The general tone of the college's critique of the Brademas statements is to imply that he is being excessively picky because he doesn't agree with the college's religious views. For instance, the college questions how Brademas could simultaneously criticize the college for not having enough money and for not publicizing its links to Campus Crusade for Christ.  The college says that it has always been open about those links -- and that it has said repeatedly that the Campus Crusade for Christ provides the money that the college needs.

Brademas is specifically attacked for asking in a meeting whether King's discriminates on the basis of religion. The King's reply states that it admits students "from all faiths as well as those who profess no faith" and goes on to state that it does not discriminate on the basis of religion even though it would be within its rights to do so, since it is a religious institution. "Dr. Brademas is not on record objecting to the free assembly of other religious groups, just evangelical Christians," the college's statement says.

John Beckman, a spokesman for Brademas, called the college's statements about him "total nonsense." Said Beckman: "In an era in which we as a nation find ourselves decrying the inactivity of private corporations, the notion that a public servant of John Brademas's standing should be confronted with this kind of ridiculous trash talk is simply bewildering."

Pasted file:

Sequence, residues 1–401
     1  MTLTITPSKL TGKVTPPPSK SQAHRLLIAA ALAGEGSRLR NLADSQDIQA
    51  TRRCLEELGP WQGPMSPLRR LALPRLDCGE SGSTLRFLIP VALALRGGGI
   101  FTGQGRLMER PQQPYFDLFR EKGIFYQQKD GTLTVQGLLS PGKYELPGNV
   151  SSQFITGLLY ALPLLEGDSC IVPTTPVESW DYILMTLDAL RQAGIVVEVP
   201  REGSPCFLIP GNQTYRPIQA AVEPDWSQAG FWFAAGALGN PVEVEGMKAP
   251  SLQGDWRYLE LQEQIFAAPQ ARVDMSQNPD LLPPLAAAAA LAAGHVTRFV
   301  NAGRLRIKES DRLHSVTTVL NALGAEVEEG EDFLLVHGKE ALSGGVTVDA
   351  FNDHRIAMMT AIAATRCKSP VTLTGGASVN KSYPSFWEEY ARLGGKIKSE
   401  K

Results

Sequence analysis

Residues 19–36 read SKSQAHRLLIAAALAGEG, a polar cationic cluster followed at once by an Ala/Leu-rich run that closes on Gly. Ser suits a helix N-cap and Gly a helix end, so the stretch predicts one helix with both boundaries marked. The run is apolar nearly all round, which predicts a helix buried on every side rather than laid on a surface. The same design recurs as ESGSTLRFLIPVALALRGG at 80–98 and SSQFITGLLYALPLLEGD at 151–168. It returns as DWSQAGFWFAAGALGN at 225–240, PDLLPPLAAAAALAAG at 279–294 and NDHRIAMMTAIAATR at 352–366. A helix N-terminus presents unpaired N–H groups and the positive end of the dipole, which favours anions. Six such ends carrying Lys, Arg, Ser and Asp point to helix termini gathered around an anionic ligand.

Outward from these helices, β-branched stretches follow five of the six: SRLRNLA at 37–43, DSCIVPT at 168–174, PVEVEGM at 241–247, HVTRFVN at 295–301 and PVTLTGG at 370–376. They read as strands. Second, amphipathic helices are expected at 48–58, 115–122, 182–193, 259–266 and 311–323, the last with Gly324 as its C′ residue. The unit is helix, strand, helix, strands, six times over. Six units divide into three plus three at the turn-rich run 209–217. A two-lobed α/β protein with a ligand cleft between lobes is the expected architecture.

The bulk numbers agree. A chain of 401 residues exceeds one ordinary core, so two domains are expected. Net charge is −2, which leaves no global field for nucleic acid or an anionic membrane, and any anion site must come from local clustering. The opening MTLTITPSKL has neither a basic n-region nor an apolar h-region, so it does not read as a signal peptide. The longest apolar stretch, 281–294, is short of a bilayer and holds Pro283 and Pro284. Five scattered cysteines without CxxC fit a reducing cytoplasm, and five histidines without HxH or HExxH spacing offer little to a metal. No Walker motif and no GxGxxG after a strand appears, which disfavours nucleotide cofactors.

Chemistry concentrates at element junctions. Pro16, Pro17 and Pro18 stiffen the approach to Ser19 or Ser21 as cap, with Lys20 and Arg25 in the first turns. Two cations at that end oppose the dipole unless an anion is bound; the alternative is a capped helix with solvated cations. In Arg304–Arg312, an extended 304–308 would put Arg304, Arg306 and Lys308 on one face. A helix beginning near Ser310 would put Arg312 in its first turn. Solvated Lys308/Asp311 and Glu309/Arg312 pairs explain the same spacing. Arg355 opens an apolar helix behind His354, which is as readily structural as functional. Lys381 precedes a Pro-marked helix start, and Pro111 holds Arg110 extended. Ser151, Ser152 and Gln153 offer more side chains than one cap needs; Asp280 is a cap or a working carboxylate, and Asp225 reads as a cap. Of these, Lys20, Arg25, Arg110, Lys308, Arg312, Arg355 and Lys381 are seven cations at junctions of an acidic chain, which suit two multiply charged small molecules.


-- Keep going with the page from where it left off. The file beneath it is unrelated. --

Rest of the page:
Brademas and other regents "have a responsibility of ensuring that students who apply to a college that the college can deliver them a sound educational program," Beckman said. The questions Brademas has asked "are precisely the kinds of questions regents should pose."

Noting that Brademas has been involved in numerous efforts to promote inter-religious harmony and dialogue, Beckman called the suggestion that Brademas was engaged in religious discrimination "totally outrageous" and suggested that King's apologize to Brademas.